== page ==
Yellowstone National Park (Madison), WY

Day 3

16.2 mi / 12.0 mph / 567 ft. climbing
Home: Madison Campground hiker/biker site

Unexpected light rain in the middle of the night forced me into the least-fun task of climbing out of the tent in the dark drizzle to cover our bags and other sensitive parts of our bikes/campsite. It’s so un-fun that you think we would just prepare for the possibility every night before going to bed, but apparently with our frequent access to quality weather forecasts, unexpected rain happens rarely enough that the costs of every-night prep would outweigh the cost of the once-a-month groggy scramble.

We were up again by 5:30am, doing our standard bagel-sandwich breakfast for what felt like the first time in forever. We got ready to ride out of camp, and at the last minute I remembered to pay for a third night (since we initially had only been thinking of two nights here).

We had an easy morning ride south along the nicely-shouldered section of road following the Firehole River. It was a preview of the actually-moving-on ride we would do tomorrow, and a valuable one because our offshoot onto Fountain Flats Drive (a rare non-Grand Loop bit of road in the park) showed us that we should stick to the Grand Loop tomorrow. The road was fine (and took us through a gorgeous prairie), but when it turned into the Freight Road gravel bike path, we learned it was not a great surface for practical transit (especially when our bikes would be loaded tomorrow). It was nice to be able to ride our bikes to the start of the Fairy Falls Trail though rather than having to walk the whole way!

Our bikes finally get to pose in this land of steam and geysers.

There isn’t exactly a bike rack where the hiking trail branches off of the bike trail, but the mix of trees and clearings meant that it wasn’t hard to stash them right near the trailhead but also well out-of-sight (in a spot that would also be great to illegally set up a campsite!) A trail just a quarter mile away from the one we were going to take had a sign (just posted yesterday) saying that it was closed due to grizzly bear activity, but luckily ours was still open (because the bears are trained not to go a quarter mile outside of their zone?) We had seen a lone bison during our bike ride striding along with us to our left, but otherwise we were completely alone out here. As we walked, we eventually spotted another bison off in the distance behind us. And then, I’ll let the photos and and captions tell what happened next:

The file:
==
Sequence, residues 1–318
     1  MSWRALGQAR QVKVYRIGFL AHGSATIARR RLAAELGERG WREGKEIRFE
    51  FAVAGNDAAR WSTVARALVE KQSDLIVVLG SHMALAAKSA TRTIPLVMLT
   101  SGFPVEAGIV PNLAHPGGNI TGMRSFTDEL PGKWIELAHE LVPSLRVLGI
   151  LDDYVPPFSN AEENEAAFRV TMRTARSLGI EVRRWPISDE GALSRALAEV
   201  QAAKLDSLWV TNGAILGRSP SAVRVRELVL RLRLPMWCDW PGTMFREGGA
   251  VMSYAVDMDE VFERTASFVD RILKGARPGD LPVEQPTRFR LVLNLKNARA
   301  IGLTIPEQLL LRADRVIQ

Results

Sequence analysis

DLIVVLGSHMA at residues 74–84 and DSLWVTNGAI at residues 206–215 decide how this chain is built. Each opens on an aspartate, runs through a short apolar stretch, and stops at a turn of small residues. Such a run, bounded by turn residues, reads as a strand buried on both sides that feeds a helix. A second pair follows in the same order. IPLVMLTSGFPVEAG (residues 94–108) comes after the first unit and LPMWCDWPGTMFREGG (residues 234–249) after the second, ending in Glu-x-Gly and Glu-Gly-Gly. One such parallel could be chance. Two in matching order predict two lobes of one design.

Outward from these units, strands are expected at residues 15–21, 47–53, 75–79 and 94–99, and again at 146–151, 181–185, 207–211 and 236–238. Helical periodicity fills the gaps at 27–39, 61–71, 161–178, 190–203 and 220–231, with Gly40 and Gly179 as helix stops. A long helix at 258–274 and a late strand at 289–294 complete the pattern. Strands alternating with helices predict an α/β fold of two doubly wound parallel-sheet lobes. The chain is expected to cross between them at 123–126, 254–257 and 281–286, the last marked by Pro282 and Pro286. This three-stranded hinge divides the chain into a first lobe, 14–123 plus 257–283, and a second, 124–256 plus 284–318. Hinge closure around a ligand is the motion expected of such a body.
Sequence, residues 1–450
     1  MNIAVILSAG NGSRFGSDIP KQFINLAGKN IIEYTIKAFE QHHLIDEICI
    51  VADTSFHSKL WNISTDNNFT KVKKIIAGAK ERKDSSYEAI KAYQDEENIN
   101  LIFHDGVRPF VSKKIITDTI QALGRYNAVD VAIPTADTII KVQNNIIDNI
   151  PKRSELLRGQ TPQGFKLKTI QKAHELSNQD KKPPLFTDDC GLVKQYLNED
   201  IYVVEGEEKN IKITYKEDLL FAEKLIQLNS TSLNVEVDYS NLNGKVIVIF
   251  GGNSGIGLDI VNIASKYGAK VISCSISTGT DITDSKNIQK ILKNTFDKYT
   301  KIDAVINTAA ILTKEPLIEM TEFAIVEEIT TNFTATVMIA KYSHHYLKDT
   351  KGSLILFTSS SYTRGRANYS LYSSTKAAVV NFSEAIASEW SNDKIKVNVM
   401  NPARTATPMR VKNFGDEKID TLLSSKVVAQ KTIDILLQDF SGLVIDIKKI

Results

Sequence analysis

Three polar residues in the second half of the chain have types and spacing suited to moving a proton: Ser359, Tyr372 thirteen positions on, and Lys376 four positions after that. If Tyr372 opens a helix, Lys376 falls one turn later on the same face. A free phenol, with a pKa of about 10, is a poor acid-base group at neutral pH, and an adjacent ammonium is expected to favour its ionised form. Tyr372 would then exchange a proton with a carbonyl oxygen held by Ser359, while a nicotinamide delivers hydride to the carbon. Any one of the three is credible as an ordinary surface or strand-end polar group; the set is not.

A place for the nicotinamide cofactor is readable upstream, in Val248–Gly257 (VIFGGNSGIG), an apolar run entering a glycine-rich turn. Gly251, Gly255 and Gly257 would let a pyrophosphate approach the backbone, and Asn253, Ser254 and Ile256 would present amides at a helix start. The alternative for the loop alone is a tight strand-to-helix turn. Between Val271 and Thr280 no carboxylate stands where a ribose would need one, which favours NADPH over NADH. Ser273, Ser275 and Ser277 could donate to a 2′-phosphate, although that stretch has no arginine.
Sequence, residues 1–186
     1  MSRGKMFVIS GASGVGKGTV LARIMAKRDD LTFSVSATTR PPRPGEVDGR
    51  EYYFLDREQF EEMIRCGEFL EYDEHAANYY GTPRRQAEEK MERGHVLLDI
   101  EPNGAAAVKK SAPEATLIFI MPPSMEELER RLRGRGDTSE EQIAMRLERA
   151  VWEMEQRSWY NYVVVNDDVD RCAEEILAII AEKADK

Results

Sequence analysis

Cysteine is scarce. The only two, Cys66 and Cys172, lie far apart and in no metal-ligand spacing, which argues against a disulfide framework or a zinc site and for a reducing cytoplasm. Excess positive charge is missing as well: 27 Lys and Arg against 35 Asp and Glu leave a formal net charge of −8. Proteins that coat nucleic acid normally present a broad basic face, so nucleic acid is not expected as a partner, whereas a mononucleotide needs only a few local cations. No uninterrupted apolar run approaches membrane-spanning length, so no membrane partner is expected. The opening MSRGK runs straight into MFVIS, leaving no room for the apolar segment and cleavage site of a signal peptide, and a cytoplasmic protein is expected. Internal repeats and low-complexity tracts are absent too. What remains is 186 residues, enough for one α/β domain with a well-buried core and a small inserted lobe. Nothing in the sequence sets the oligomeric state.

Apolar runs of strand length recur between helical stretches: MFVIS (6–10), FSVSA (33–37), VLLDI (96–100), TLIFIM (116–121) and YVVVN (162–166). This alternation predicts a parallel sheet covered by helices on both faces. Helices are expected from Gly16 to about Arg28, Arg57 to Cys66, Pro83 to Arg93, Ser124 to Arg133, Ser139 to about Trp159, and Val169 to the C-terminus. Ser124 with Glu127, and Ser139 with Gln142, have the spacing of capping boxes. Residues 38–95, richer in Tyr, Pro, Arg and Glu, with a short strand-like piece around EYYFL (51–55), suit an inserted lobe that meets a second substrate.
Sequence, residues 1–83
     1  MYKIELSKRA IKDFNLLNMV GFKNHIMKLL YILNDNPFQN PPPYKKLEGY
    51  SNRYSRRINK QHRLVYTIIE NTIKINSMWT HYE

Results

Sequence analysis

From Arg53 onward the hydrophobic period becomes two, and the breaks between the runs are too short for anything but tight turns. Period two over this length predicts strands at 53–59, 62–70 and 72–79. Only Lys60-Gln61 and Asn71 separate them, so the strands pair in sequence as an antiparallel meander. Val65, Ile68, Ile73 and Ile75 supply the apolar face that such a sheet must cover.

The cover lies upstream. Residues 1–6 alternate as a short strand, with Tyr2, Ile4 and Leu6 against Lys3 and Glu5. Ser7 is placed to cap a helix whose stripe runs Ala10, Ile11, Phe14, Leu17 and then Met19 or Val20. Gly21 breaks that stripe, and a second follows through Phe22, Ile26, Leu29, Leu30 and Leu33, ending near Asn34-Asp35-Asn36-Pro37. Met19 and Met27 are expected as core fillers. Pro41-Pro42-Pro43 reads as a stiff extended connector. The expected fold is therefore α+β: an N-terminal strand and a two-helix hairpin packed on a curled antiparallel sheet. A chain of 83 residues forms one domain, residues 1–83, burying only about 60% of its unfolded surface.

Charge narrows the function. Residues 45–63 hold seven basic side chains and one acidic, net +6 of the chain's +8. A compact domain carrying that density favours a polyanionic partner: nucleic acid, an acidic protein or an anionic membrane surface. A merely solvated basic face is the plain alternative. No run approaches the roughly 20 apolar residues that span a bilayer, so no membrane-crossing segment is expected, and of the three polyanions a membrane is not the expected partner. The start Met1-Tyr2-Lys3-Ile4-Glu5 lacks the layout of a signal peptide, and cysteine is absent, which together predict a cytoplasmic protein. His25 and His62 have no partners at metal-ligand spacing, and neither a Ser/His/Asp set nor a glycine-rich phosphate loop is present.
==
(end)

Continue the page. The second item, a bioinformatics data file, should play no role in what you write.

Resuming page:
Ooh, hey, cool, there’s a bison way out there behind us in the grassland.
The trail leads us right towards this big fella, standing guard at his geyser. He comes towards the trail as we approach, so we attempt to go around to the right, but the ground there gets marshy, so we’re forced to back off. No problem, we’ll just hang back and wait for him to clear out. Except…
…the guy we saw way back in the grass behind us has been approaching the whole time, coming right up the trail. If we don’t want want to end up smashed between two sets of bison horns, we need to get the hell out of here!
So we cut over in the only remaining direction, left towards the geyser, and watched as geyser-bison (on the left) stood his ground while the young upstart continued walking straight toward a direct confrontation.
At the last moment in this tense game of bison-chicken, the upstart passes just to the right of the geyser-bison, as if that’s what he’d meant to do the whole time.
Geyser-bison looks in on what is now apparently a bison-gathering ahead in the trees.

Phew. While it would have been amazing to witness the battle between the bison turning physical, it also would have been scary to be in collateral-damage range to two tons of muscular energy. With the psychological battle apparently over, the two bison were now essentially moving along the trail ahead of us, and we could hear the deep dinosaur-like rumbling of more of them ahead in the trees, so continuing along the official path seemed like a worse idea than staying off-trail and attempting to find a way around them. So we tromped off across the grass between the trees, which were sparse enough to easily find routes between them, yet dense enough to obscure where any bison might be hiding. The land was strewn with many fallen trees that we had to step over, and after some time I realized that we were walking through an area that had burned in the massive 1988 Yellowstone fires. Thirty-five years later, 95% of the dead trees long-since fallen over, many now decayed into tree-trunk-shaped strips of wood chips. And all the living trees we could see certainly seemed to be 35 years old or younger. So thank you bison for forcing us to observe some of Yellowstone’s history that we probably wouldn’t have noticed if we’d stayed on the trail.